On a broader scale, Libya is the equivalent playground to Syria when it comes to competition between Russia, Turkey, and the United States. Turkey, with the help of Russia, has been knocking on the doors of Bashar Al-Assad in Syria for the past few months. In December, the Turkish Minister of Defense, Hulusi Akar, and Intelligence Director, Hakan Fidan, flew to Moscow to meet with Syrian counterparts for security discussions. The meeting is believed to pave the way for the reconciliation between Ankara and Damascus, in a way that will serve and enhance Russia’s interests in the Middle East and also in Ukraine.


In Libya, Russia and Turkey are at odds as they back conflicting factions. However, they have been able to create some kind of an undeclared compromise to avoid clashing of interests or troops. By stepping into the Libyan playground, the United States can disturb this equilibrium in a way that may strategically shake Russia’s plans in Ukraine.



Tough Playground


Libya is a complicated playground that the United States needs to tread with caution if it plans to step into as an international competitor rather than a mediator.


For over a year, Libya has been stuck in a grave political stalemate that threatens the renewal of the civil war at any moment. Hundreds of Libyans have been killed or injured in the militiamen street fights, in Tripoli, last summer. The clashes were mainly incited by the political conflict between the two parallel governments of Dbeibeh and Bashagha.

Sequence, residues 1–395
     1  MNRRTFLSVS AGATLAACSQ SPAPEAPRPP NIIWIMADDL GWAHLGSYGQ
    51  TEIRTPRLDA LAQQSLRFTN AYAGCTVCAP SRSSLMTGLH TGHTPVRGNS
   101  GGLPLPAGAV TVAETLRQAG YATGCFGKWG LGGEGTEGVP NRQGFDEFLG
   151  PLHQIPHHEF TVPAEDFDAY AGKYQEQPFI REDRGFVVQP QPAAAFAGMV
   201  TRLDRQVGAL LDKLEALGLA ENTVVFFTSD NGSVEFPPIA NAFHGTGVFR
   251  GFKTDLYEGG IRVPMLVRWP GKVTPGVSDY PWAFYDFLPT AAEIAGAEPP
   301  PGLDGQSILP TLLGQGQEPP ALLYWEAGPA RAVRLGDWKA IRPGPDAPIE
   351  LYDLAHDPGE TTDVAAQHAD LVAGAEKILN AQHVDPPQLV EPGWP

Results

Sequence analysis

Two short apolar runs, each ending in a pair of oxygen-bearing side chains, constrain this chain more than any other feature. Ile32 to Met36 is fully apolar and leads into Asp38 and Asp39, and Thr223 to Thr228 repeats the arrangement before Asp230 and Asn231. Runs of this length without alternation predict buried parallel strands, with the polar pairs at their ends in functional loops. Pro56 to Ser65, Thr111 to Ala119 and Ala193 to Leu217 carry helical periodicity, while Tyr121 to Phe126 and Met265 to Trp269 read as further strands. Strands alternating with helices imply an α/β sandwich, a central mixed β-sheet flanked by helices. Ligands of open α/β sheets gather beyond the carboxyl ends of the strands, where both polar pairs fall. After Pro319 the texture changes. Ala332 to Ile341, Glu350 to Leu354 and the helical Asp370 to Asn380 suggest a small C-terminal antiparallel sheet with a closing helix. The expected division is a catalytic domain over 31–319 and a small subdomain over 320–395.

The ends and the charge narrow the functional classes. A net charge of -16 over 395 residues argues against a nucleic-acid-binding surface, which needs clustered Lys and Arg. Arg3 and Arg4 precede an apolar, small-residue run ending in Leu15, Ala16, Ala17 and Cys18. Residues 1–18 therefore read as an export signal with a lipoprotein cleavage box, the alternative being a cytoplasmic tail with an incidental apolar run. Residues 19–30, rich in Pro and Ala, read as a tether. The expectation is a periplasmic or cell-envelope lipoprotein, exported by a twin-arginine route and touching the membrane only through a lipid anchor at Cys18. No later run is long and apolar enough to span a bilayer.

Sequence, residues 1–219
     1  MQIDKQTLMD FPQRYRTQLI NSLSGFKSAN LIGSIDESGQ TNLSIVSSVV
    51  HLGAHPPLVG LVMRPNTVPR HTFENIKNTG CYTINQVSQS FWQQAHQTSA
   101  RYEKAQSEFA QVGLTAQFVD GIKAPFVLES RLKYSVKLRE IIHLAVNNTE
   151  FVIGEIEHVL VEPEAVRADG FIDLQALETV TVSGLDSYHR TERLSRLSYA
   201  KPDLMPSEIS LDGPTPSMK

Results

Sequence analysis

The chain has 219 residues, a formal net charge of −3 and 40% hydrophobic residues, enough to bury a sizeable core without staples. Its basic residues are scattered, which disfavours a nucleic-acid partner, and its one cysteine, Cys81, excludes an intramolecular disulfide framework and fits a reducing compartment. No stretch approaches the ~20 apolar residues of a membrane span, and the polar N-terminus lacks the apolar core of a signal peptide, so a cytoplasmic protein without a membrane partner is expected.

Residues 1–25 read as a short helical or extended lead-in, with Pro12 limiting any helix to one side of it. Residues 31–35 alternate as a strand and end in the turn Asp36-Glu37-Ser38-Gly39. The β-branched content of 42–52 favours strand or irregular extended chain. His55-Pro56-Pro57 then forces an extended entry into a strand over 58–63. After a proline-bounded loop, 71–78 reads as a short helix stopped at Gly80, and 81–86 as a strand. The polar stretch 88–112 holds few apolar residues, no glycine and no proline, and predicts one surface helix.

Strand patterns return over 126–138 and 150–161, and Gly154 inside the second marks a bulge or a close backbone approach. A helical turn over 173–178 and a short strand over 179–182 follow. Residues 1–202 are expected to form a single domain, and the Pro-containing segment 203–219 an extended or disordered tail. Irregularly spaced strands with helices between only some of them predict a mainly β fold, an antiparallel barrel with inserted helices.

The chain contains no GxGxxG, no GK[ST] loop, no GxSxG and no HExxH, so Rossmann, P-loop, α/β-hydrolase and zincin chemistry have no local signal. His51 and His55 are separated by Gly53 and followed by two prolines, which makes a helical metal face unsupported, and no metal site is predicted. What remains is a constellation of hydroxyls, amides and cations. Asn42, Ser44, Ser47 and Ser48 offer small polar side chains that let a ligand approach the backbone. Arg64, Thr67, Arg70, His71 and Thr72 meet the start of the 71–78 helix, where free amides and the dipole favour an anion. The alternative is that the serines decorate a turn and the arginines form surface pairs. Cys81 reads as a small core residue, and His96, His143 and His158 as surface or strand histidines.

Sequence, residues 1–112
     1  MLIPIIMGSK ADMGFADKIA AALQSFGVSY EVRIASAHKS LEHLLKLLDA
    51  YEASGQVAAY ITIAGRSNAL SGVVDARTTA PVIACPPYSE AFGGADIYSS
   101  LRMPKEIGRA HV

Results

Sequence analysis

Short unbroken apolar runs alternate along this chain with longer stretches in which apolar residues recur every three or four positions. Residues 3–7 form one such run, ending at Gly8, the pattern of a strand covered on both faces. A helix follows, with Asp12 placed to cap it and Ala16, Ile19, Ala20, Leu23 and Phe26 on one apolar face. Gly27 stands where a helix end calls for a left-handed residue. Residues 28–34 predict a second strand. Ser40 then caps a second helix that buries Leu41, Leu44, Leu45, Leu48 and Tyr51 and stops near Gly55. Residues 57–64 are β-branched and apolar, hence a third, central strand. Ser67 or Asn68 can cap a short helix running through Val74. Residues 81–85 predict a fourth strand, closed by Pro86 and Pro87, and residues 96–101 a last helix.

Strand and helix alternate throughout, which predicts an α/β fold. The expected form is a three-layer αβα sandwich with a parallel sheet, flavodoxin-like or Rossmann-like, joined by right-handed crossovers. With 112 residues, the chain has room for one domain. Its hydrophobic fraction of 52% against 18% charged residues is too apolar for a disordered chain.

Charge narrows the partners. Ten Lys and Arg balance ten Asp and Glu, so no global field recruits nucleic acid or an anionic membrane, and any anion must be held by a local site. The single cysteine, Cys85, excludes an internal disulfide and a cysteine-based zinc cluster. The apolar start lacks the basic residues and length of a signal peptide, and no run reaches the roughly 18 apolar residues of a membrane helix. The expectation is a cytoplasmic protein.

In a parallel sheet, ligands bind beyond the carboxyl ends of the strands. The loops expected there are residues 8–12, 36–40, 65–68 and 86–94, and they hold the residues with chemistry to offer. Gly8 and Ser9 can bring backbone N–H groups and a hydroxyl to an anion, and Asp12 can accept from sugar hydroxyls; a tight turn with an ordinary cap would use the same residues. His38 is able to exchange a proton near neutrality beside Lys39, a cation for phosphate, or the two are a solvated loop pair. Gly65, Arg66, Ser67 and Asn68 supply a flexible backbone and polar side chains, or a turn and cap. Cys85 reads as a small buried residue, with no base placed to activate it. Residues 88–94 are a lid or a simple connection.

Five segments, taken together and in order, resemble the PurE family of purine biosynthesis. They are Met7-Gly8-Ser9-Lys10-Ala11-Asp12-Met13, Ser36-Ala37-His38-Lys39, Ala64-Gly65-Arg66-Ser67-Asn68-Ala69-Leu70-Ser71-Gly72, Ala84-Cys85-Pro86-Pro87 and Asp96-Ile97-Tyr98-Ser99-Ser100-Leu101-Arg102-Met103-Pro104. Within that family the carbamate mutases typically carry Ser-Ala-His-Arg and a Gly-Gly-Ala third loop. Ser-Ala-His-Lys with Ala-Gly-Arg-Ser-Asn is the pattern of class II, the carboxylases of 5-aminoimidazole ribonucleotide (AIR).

Abdul Hamid Dbeibeh has led the Government of National Unity (GNU) from Tripoli, since March 2021. The GNU is an interim government elected in a UN-supervised process by the Libyan Political Dialogue Forum (LPDF). GNU’s main mission was to reconcile eastern and western rivals, unite the armed forces held by both sides and hold presidential and parliamentary elections before a deadline, that has already expired in June 2022.


When the GNU failed to hold the presidential elections in December 2021 due to what the electoral commission described, at the time, as “force majeure;” the Tobruk-based parliament hired Fathi Bashagha on top of a new parallel government, that they called the Government of National Stability (GNS).


Some Arab countries, including Libya’s direct neighbor – Egypt, showed immediate support to Bashagha’s GNS, while Turkey continued to back Dbeibeh’s GNU. However, Dbeibeh refused to cede power and insisted that his government would not leave Tripoli until presidential and parliamentary elections were held. That quickly escalated to serious clashes between militiamen affiliated with Dbeibeh and Bashagha in May-August 2021.


On one level, the U.S. will need to compromise power with influential rivals, Russia and Turkey. Turkey is a NATO ally but its relations with Russia are still solid. On another level, the U.S. will need to apply a proper amount of political pressure to force the conflicting politicians in the eastern and western of Libya to come to an agreement and hold the due elections. Most importantly, the U.S. will need to handle the irregular groups of mercenaries and local militias that are indirectly setting the course of competition between the political elite.